I do not believe I would perform a lumbar puncture in this child but I wouldn’t discharge her home despite appearing well. She is normal appearing on examination now and despite the studies being small and underpowered to really answer the question, most are consistent that children with complex febrile seizure who ultimately have ABM have additional clinical findings (large caveat for this patient is that she is fully vaccinated). Obviously I would not start antibiotics on this patient but I am completely uncomfortable with the thought of discharging her home with complex febrile seizures nor am I a fan of performing a lumbar puncture and discharging home if the cell count is reassuring (culture is my gold standard and I’m sticking to it). If I had hesitated for one second and felt this child just wasn’t acting right to me or if the mom was insistent that she wasn’t right to her, I’d err on the side of lumbar puncture and treatment.
Interestingly, a survey of 353 pediatric emergency medicine physicians and fellows in 10 US hospitals showed only 34% would perform a lumbar puncture in a child with complex febrile seizure. That is significantly lower than expected.
By Jeremiah Smith, MD
Casasoprana A, Hachon Le Camus C, Claudet I, et al. Value of Lumbar Puncture after a First Febrile Seizure in Children Aged Less than 18 months. A Retrospective Study of 157 Cases. Arch Pediatr 2013;20:594-600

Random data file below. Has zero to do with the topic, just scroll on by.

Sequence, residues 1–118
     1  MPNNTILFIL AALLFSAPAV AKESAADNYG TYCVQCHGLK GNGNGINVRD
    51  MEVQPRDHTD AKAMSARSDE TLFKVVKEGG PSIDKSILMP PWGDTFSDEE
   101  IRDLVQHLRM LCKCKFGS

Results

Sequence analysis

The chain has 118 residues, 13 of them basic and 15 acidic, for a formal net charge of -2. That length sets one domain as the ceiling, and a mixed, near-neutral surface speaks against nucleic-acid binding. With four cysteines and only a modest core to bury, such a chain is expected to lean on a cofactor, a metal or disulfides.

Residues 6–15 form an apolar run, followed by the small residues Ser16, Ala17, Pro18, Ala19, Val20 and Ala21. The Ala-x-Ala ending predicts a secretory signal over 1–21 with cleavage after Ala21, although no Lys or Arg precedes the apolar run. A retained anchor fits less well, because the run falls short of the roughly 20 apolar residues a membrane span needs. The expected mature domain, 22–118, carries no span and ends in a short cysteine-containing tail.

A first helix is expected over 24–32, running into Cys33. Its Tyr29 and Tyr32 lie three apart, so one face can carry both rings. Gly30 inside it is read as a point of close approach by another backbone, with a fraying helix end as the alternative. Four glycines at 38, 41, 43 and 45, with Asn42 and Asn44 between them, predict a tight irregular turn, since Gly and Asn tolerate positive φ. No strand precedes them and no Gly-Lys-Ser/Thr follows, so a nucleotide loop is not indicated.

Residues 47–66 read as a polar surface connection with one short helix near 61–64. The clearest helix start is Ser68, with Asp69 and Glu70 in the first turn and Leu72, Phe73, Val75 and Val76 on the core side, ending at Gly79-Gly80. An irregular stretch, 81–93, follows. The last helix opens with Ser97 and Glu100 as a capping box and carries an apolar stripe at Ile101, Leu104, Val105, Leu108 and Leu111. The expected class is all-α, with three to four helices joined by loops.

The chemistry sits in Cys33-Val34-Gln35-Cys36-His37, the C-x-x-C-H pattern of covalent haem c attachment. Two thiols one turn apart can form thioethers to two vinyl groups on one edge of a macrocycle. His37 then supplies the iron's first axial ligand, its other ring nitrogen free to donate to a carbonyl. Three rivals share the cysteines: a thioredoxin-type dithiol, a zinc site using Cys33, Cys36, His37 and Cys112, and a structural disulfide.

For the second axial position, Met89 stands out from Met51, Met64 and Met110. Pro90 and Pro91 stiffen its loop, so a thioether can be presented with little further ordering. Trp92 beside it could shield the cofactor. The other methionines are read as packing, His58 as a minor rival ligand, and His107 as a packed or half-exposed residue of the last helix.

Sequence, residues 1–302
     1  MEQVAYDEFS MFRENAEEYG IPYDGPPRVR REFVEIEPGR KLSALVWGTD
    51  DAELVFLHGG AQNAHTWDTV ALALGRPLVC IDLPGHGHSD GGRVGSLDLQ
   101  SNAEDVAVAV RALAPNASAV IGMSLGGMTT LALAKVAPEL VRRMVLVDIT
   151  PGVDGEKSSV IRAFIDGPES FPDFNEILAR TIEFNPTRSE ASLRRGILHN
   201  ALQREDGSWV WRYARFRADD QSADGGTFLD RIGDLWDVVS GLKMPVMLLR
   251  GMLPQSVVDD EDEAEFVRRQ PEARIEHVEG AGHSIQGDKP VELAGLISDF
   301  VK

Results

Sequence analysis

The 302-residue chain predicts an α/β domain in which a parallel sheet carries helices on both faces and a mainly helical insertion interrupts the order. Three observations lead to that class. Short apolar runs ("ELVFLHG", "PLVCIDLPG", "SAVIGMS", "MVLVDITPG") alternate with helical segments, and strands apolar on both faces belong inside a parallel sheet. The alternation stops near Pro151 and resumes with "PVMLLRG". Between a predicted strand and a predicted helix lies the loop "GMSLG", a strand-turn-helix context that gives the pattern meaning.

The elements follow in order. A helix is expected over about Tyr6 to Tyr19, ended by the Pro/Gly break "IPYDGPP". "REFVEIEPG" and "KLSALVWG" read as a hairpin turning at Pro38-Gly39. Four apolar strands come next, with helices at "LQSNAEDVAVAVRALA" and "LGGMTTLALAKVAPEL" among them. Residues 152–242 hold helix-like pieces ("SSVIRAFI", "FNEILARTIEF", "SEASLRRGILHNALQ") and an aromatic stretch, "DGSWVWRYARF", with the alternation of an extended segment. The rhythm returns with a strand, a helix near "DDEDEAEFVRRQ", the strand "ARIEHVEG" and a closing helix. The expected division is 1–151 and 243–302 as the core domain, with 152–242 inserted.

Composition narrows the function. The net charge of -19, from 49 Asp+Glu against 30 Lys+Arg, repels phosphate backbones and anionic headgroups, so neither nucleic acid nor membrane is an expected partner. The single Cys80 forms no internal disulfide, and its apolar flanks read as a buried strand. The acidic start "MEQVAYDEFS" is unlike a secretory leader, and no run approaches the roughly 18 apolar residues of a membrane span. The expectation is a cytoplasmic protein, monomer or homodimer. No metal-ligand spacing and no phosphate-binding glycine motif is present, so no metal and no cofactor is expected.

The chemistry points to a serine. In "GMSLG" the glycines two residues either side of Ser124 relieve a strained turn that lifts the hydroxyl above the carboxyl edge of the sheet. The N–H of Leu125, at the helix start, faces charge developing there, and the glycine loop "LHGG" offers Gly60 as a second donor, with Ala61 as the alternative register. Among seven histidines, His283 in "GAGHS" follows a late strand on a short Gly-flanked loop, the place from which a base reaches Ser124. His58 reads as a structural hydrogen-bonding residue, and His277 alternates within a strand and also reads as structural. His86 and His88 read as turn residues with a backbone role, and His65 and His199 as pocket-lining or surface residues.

Fletcher E, Sharieff G. Necessity of Lumbar Puncture in Patients Presenting with New Onset Complex Febrile Seizures. West Journ of Emerg Med 2013;14:206-211
Green S, Rothrock S, Clem K, et al. Can Seizures be the Sole Manifestations of Meningitis in Febrile Children. Pediatrics 1993;92:527-534
Hardasmalani M, Saber M. Yield of Diagnostic Studies in Children Presenting with Complex Febrile Seizures. Pediatr Emerg Care 2012;28:789-791
Hofert S, Burke M. Nothing is Simple About a Complex Febrile Seizure: Looking Beyond Fever as a Cause of Seizures in Children. Hosp Pediatr 2014;4:181-187
Kimia A, Ben-Joseph E, Rudloe T, et al. Yield of Lumbar Puncture Among Children Who Present With Their First Complex Febrile Seizure. Pediatrics 2010;126:62-69
Kowalsky R, Jaffe D. Bacterial Meningitis Post-PCV7: Declining Incidence and Treatment. Pediatr Emer Care 2013;29:758-769
Najaf-Zadeh A, Dubos F, Hue V, et al. Risk of Bacterial Meningitis in Young Children with a First Seizure in the Context of Fever: A Systematic Review and Meta-Analysis. PLOSOne 2013;8:e55270
Seltz L, Cohen E, Weinstein M. Risk of Bacterial or Herpes Simplex Virus Meningitis/Encephalitis in Children with Complex Febrile Seizures. Pediatr Emerg Care 2009;25:494-497
Teach S, Geil P. Incidence of Bactermia, Urinary Tract Infections, and Unsuspected Bacterial Meningitis in Children with Febrile Seizures. Pediatr Emerg Care 1999;15:9-12
PEM Fellows Journal Watch Quarterly
Your Up-to-date summaries of relevant pediatric emergency medicine literature from the comfort of your home
Editor-in-Chief – Jeremiah Smith